The banking industry’s enthusiasm for the programme is likely to depend on some of the finer detail of the programme. A spokesman for JPMorgan Chase told RBI the eligibility criteria for borrowers needs to become more explicit. Another industry concern is the level of sharing in any future house appreciation.

He said: “It is an important thing, but the FHA have to come up with rules on what the qualifying standards will be. Do the borrowers have to be delinquent or can they be current? What is the debt to income ratio they need to qualify? Those are coming out in the next few weeks… I think that means nobody is going to be doing it on October 1.”

Steps have already been made to reduce foreclosures through the FHASecure scheme. In the year since its launch it refinanced a total of around $104 billion in mortgages, helping 325,000 people to access more affordable loans. Hope for Homeowners should widen the options to both banks and homeowners.

Other initiatives have included HOPE NOW, an alliance of councillors, servicers, investors and lenders including Bank of America, Citigroup, JPMorgan Chase, Wells Fargo and HSBC Finance. Over 2 million foreclosures have been prevented since it was set up in July 2007 through the use of repayment plans and loan modifications by members, according to the organisation.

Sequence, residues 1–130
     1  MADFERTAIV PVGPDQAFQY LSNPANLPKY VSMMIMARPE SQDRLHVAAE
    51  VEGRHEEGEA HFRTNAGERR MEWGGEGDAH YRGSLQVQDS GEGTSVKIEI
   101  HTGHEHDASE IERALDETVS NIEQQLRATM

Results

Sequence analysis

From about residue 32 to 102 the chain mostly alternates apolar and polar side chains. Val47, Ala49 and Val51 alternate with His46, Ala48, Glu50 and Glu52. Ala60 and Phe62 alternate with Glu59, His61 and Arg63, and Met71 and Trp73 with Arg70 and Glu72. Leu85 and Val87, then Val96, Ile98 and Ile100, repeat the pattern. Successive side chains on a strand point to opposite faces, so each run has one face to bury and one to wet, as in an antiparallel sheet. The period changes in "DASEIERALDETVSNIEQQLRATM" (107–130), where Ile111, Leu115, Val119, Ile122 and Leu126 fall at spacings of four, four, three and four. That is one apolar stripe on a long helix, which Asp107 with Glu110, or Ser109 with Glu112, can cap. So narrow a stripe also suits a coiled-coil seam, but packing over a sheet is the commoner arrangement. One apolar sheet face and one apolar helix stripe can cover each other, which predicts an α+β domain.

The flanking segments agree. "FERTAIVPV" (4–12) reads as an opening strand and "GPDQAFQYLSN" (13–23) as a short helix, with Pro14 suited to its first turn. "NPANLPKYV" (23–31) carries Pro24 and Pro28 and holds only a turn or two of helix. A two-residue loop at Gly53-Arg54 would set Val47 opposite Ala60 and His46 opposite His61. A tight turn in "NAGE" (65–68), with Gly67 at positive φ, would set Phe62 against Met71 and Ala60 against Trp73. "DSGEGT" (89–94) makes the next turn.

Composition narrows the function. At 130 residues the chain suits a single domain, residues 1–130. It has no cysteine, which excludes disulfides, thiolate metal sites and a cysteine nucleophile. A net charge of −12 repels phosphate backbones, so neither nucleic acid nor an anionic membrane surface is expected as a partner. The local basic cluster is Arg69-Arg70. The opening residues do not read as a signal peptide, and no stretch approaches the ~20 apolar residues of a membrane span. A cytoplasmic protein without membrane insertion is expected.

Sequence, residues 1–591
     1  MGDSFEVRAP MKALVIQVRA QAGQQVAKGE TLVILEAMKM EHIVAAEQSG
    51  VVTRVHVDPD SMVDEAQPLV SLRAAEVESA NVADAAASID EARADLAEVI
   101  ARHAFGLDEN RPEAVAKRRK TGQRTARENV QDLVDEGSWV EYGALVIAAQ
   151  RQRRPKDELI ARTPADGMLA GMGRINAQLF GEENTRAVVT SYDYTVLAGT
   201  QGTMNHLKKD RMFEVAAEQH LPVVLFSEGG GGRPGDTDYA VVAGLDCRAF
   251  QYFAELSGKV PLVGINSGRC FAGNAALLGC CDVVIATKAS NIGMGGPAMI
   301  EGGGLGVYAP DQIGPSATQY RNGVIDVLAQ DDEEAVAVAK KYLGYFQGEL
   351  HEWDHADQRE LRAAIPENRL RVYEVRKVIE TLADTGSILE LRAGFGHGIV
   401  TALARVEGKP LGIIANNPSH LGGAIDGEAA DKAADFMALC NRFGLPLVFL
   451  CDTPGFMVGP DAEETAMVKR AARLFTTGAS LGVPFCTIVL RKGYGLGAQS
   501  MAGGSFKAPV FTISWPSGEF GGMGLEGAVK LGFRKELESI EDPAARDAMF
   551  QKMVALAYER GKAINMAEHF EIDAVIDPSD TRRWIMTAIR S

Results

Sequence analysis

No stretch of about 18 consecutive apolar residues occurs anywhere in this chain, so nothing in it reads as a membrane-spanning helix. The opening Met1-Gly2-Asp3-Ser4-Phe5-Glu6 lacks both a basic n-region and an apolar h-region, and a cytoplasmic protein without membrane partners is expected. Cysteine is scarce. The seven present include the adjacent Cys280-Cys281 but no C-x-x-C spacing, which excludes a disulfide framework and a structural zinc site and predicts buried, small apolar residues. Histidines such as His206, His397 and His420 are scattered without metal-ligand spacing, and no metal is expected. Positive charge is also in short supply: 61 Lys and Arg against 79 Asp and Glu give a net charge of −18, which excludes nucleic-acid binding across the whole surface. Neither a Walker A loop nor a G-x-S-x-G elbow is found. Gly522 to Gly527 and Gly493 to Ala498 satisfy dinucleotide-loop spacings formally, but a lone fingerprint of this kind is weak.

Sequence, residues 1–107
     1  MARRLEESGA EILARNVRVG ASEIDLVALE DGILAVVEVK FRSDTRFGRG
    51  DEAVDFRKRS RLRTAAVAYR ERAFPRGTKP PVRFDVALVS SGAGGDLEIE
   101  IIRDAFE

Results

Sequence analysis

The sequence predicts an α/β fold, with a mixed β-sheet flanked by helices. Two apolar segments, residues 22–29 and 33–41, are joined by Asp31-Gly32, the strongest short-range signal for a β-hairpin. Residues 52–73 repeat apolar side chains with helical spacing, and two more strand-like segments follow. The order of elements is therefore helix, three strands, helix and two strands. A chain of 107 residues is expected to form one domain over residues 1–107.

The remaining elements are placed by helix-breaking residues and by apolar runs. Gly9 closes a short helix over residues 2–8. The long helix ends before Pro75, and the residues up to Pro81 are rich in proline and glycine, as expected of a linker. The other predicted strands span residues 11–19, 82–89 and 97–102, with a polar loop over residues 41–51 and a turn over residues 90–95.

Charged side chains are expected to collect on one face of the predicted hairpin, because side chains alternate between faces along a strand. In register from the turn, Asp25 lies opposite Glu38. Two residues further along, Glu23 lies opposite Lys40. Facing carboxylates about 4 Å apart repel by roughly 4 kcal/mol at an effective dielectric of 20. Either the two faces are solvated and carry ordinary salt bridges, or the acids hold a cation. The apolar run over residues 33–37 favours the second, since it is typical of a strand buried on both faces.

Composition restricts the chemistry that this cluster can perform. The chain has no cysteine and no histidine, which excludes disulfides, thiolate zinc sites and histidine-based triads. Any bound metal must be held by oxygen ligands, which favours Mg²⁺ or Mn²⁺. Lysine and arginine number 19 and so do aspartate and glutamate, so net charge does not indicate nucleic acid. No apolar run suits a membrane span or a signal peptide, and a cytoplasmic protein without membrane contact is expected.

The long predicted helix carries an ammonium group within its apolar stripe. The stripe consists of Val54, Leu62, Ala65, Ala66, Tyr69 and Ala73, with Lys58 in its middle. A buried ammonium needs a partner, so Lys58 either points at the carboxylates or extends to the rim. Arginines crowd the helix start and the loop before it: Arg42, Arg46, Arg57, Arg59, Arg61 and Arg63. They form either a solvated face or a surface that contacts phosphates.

HELOC loans feel pinch

The ‘Great American Piggybank’ known as the home equity line of credit – or HELOC – is drying up, another victim of the housing fallout. Largely responsible for the massive rise in US consumer debt, Americans tapped their homes for everything from vacations to college tuition.

Second-quarter home equity nonaccruals at commercial banks nationwide increased 165 percent from a year earlier, to $4.6 billion, according to a Foresight Analytics analysis of Federal Deposit Insurance data. The overall delinquency rate nearly doubled, to 2 percent. Banks with more than $100 billion of assets had the sharpest increase in nonaccruals, 179 percent, and the highest delinquency rate, 2.2 percent. Non-accruals increased 101 percent for banks with $10 billion to $100 billion of assets, 124 percent for those with $1 billion to $10 billion, and 90 percent for those with under $1 billion.

Overall, the amount of money US homeowners pulled out of their houses has fallen to a four-year low, a reflection of tumbling values and tighter standards by banks and other lenders. About $68 billion in home equity was “cashed out” by homeowners during the first half of 2008, the lowest amount since 2004, Freddie Mac said.

The great irony of the home equity lockdown is that these loans remain the safest bankers have in their portfolios. A mere 1.1 percent of HELOCs were 30 days or more past due as of the first quarter, the most recent period for which figures are available, reported the American Bankers Association. That compares with a 3.1 percent delinquency rate for auto loans and 4.5 percent for credit cards.